We present the results of two exploratory parsimony analyses of DNA sequences from 475 and 499 species of seed plants, respectively, representing all major taxonomic groups. The data are exclusively from the chloroplast gene rbcL, which codes for the large subunit of ribulose-1,5-bisphosphate carboxylase/oxygenase (RuBisCO or RuBPCase). We used two different state-transformation assumptions resulting in two sets of cladograms: (i) equal-weighting for the 499-taxon analysis; and (ii) a procedure that differentially weights transversions over transitions within characters and codon positions among characters for the 475-taxon analysis. The degree of congruence between these results and other molecular, as well as morphological, cladistic studies indicates that rbcL sequence variation contains historical evidence appropriate for phylogenetic analysis at this taxonomic level of sampling. Because the topologies presented are necessarily approximate and cannot be evaluated adequately for internal support, these results should be assessed from the perspective of their predictive value and used to direct future studies, both molecular and morphological. In both analyses, the three genera of Gnetales are placed together as the sister group of the flowering plants, and the anomalous aquatic Ceratophyllum (Ceratophyllaceae) is sister to all other flowering plants. Several major lineages identified correspond well with at least some recent taxonomic schemes for angiosperms, particularly those of Dahlgren and Thorne. The basalmost clades within the angiosperms are orders of the apparently polyphyletic subclass Magnoliidae sensu Cronquist. The most conspicuous feature of the topology is that the major division is not monocot versus dicot, but rather one correlated with general pollen type: uniaperturate versus triaperturate. The Dilleniidae and Hamamelidae are the only subclasses that are grossly polyphyletic; an examination of the latter is presented as an example of the use of these broad analyses to focus more restricted studies. A broadly circumscribed Rosidae is paraphyletic to Asteridae and Dilleniidae. Subclass Caryophyllidae is monophyletic and derived from within Rosidae in the 475-taxon analysis but is sister to a group composed of broadly delineated Asteridae and Rosidae in the 499-taxon study.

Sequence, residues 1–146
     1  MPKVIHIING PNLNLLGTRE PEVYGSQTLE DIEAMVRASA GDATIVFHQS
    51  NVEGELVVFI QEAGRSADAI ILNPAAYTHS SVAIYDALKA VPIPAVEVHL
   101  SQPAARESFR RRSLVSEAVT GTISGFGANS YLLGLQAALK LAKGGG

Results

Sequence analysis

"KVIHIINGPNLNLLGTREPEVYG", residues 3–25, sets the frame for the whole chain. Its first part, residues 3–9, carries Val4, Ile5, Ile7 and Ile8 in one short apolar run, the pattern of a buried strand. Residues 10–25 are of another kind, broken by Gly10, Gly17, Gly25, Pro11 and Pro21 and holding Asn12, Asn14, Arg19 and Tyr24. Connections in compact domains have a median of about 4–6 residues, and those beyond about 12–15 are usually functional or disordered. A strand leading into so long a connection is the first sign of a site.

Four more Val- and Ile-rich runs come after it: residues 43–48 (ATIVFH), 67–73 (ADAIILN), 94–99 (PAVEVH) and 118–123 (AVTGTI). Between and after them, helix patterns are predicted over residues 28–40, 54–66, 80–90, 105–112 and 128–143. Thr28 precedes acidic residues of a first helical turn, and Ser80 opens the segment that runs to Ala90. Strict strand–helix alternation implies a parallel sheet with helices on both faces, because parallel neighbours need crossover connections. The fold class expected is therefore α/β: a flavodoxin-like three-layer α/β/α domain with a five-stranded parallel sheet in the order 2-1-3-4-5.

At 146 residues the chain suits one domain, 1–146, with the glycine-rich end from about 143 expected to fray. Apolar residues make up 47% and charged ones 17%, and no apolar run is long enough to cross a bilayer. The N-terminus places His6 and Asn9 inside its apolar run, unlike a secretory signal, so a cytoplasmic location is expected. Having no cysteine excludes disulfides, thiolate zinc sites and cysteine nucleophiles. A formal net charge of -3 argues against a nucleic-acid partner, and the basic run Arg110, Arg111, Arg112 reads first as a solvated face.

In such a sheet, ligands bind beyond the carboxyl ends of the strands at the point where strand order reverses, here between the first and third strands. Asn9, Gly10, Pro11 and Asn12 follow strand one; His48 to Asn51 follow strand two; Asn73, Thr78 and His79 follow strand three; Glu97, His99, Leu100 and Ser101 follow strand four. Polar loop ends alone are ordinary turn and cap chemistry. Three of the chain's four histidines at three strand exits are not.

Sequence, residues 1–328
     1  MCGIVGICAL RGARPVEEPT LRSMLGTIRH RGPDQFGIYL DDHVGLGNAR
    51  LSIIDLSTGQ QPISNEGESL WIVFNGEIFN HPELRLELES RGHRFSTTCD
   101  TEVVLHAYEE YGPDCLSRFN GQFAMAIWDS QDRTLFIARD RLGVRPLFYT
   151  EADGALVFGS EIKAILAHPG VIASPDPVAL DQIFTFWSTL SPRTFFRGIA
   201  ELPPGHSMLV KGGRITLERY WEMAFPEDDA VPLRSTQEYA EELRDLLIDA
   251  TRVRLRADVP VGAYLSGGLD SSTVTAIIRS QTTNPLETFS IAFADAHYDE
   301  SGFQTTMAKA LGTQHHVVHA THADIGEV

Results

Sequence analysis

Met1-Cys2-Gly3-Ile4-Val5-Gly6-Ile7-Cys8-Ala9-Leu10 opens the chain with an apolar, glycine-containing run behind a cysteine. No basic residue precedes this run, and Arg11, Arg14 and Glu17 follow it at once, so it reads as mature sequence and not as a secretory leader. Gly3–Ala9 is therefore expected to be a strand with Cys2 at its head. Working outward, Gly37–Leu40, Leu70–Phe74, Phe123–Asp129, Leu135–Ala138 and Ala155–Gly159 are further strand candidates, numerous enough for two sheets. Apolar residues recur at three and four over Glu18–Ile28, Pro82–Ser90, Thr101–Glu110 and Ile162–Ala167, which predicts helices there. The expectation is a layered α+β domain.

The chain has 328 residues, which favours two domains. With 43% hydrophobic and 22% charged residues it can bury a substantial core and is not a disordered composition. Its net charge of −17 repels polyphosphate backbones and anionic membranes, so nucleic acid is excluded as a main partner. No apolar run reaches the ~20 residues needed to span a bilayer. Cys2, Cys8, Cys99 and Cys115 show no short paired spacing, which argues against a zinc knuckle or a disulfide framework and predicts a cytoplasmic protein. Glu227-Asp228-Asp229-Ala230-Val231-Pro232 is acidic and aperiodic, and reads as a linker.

Emerging Threats to Tropical Forests reveals the remarkably diverse panoply of perils to tropical forests and their biota, with particular emphasis on recent dangers. William F. Laurance and Carlos A. Peres identify four categories of emerging threats: those that have only recently appeared, such as the virulent chytrid fungus that is decimating rainforest amphibians throughout the tropical world; those that are growing rapidly in importance, like destructive surface fires; those that are poorly understood, namely global warming and other climatic and atmospheric changes; and environmental synergisms, whereby two or more simultaneous threatsâsuch as habitat fragmentation and wildfires, or logging and huntingâcan dramatically increase local extinction of tropical species. In addition to documenting the vulnerability of tropical rainforests, the volume focuses on strategies for mitigating and combating emerging threats. A timely and compelling book intended for researchers, students, and conservation practitioners, Emerging Threats to Tropical Forests will interest anyone concerned about the fate of the worldâs most threatened tropical ecosystems.
The genera Wunschmannia and Anomoctenium are united with Distictis. Necessary new combinations are D. staminea (Lam.) A. Gentry, D. stipularis (Mart. ex DC.) A. Gentry, and D. scabriuscula (Mart. ex DC.) A. Gentry. A new species, D. steyermarkii A. Gentry, related to the former members of Anomoctenium, is also described. A synopsis of the species of Distictis is included.